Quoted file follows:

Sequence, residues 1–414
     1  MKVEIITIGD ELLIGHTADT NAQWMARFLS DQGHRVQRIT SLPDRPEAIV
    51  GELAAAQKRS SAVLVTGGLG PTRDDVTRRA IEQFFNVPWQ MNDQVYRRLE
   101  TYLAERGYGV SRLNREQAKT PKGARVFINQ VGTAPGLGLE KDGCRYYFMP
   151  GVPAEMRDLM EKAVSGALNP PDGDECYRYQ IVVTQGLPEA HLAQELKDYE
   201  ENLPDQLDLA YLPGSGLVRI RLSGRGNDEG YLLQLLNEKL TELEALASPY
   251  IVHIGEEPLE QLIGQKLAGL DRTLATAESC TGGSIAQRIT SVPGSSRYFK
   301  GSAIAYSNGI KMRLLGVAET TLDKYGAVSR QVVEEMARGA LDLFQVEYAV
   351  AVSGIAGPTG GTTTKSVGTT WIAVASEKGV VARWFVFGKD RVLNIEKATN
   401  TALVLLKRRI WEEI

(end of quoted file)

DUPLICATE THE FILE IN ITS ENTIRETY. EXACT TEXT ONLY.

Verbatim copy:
Sequence, residues 1–414
     1  MKVEIITIGD ELLIGHTADT NAQWMARFLS DQGHRVQRIT SLPDRPEAIV
    51  GELAAAQKRS SAVLVTGGLG PTRDDVTRRA IEQFFNVPWQ MNDQVYRRLE
   101  TYLAERGYGV SRLNREQAKT PKGARVFINQ VGTAPGLGLE KDGCRYYFMP
   151  GVPAEMRDLM EKAVSGALNP PDGDECYRYQ IVVTQGLPEA HLAQELKDYE
   201  ENLPDQLDLA YLPGSGLVRI RLSGRGNDEG YLLQLLNEKL TELEALASPY
   251  IVHIGEEPLE QLIGQKLAGL DRTLATAESC TGGSIAQRIT SVPGSSRYFK
   301  GSAIAYSNGI KMRLLGVAET TLDKYGAVSR QVVEEMARGA LDLFQVEYAV
   351  AVSGIAGPTG GTTTKSVGTT WIAVASEKGV VARWFVFGKD RVLNIEKATN
   401  TALVLLKRRI WEEI